Senior English Major Published in Poetry Anthology

MC Student Angela Benevenia Published in

“The Best Emerging Poets of New York”

By RikkiLynn Shields, Editor

Angela Benevenia is a senior English major from Essex County, N.J. She recently had a poem published in an anthology series by a small publishing company, Z Publishing, called The Best Emerging Poets of New York. The poem was written in the Advanced Poetry Workshop class she took with Dominika Wrozynski, Ph.D., last spring.

The Quadrangle: What are you involved in on campus?

AB: I am the president of MC’s comedy team, Scatterbomb, as well as the Editor-in-chief of Manhattan Magazine. I am also the secretary of the English honor society, Sigma Tau Delta, a writing consultant at the Center for Academic Success and a Resident Assistant in Jasper Hall.

TQ: How did you decide to choose the major you did?

AB: I became an English major because I love it. It seems like a simple answer, but at the end of the day, I knew I would not be happy majoring in anything else. I love reading, I love writing, and I love critically thinking, and being able to discuss these things in the classroom is a dream come true.

TQ: How did you get involved in poetry/creative writing?

AB: I have been writing as long as I could remember. I devoured almost every young adult novel at my local library, and moved on to stealing “grown-up books” from my IMG_0058-1older siblings. I was swept off my feet by A Wrinkle in Time, Speak, and The Color Purple and decided that I wanted to write more stories to read, and they would be stories I loved since they were my own. My love of poetry came later, in high school, after my first British Literature course when we read “Dover Beach.” I was captivated by the lyrical language and explored more poetry, including a lot of spoken word. I started performing poems at my school’s Poetry Night and writing a lot of bad Jonas Brothers fan fiction, which all eventually developed into much better work in my college years.

TQ: What made you decide to publish the poem you did?

AB: I sent Z Publishing three or four poems, all of which I believed were my best work from my Advanced Poetry Workshop with Dr. Wrozynski last semester. “Some Thoughts While Brushing My Teeth” was the first poem I ever wrote that I felt incredibly proud of, because I had finally written about something that I was finding so hard to write about.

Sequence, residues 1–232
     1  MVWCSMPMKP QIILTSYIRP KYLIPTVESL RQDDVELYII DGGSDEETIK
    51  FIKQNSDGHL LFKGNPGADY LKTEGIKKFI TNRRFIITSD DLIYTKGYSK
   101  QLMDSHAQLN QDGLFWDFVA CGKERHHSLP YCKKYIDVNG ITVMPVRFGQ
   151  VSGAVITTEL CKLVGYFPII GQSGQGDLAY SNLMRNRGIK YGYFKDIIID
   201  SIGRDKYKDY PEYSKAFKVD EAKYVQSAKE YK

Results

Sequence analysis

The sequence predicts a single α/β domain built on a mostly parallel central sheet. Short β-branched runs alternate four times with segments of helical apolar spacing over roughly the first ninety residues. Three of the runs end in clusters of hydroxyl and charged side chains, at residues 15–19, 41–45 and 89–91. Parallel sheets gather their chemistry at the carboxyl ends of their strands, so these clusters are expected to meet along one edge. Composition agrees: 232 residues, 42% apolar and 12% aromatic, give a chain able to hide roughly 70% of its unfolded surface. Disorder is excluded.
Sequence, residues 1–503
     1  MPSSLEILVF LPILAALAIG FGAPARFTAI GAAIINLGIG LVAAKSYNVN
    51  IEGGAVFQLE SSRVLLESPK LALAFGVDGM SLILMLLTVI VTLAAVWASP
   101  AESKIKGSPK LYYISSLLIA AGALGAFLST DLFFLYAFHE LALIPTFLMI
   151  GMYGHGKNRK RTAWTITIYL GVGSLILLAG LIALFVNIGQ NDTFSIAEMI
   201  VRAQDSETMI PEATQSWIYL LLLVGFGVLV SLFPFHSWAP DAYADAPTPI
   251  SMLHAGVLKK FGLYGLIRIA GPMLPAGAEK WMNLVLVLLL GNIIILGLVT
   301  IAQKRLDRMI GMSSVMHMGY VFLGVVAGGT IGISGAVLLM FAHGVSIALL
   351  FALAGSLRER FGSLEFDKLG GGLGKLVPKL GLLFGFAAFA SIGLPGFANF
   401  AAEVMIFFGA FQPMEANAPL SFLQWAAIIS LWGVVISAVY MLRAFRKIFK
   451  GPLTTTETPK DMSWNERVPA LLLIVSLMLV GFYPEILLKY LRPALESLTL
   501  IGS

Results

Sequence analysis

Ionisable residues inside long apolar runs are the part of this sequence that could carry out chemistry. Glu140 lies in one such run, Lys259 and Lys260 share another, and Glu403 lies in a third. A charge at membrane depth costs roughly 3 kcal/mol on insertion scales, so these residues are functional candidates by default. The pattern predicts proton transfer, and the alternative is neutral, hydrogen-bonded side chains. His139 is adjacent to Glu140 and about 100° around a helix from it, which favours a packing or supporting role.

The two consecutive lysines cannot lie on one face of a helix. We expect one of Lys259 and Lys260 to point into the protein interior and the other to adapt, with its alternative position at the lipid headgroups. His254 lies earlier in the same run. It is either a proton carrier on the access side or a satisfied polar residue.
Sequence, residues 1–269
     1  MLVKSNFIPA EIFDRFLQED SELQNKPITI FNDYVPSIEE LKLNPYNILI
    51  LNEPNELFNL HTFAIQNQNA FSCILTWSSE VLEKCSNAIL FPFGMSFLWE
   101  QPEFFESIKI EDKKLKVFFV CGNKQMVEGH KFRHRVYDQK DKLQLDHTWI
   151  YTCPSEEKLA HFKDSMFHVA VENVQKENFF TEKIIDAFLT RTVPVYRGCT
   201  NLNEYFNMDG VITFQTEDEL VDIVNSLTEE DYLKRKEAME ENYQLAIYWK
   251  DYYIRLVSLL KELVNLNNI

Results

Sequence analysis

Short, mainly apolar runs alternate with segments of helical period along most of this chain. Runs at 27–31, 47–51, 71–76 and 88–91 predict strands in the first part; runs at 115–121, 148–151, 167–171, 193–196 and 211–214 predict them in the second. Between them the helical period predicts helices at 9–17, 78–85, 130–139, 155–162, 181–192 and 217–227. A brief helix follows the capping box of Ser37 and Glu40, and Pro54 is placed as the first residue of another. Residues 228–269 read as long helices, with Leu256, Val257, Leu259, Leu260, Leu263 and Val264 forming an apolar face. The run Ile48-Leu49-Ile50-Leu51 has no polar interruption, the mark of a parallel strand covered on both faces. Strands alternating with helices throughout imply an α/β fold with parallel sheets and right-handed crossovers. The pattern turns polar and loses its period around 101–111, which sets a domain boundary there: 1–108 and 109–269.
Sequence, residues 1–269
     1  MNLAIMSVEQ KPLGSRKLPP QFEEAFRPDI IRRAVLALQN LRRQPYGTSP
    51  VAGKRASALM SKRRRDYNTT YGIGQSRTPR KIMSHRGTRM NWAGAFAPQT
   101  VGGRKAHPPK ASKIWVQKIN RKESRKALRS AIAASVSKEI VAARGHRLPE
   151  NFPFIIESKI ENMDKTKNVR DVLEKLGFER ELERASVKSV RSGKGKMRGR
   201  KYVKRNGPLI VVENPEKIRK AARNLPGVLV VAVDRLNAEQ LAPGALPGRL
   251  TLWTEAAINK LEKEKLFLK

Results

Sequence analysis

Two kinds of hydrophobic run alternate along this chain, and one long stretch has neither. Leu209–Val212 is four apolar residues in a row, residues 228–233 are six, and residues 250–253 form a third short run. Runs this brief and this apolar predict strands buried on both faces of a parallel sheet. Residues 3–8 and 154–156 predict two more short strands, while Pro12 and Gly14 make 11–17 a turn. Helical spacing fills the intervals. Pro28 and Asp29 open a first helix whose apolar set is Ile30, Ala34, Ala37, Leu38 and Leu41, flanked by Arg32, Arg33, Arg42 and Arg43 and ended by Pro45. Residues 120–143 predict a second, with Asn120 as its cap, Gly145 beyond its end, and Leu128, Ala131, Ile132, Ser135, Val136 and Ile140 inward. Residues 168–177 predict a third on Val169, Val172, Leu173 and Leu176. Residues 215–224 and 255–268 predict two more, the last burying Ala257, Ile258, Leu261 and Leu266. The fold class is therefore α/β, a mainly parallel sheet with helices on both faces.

TQ: What is your writing process like?

AB: I don’t think I really have a writing process. I usually just write down little sentences or phrases that I come up with during the day in the notes in my phone, and they’ll eventually make it to the page at some point.

TQ: What are your plans for after graduation?

AB: Who’s to say, am I right? But in all seriousness, I am applying to writing fellowships for fiction that are way out of my league, as well as applying to a few teaching programs abroad in Japan and Thailand.

TQ: How has your time at MC impacted your writing career?

AB: The English department is so special here. I can’t tell you how many times I’ve gone into Dr. Koehler or Dr. Wrozynski’s office ready to quit the entire craft I’ve dedicated my life to, and they somehow say magic words that make me fall in love with writing all over again. Being able to take creative writing classes here has been life changing, as well as being able to submit to the magazine. I have met an amazing community of writers that I know I will take with me for the rest of my life, and I owe all of that to being a Jasper.

TQ: What does poetry mean to you?

AB: Writing allows me to say things better than I ever can out loud. I talk a lot, but it’s all empty things most of the time until I put it on the page. Writing gives me the chance to create worlds that are mine that comment on the real world we live in. I am a rule-follower down to the core, but art gives me a space to break rules and be commended for it. Fiction and poetry allow me to express myself on paper, and words are much more beautiful than we ever give them credit for.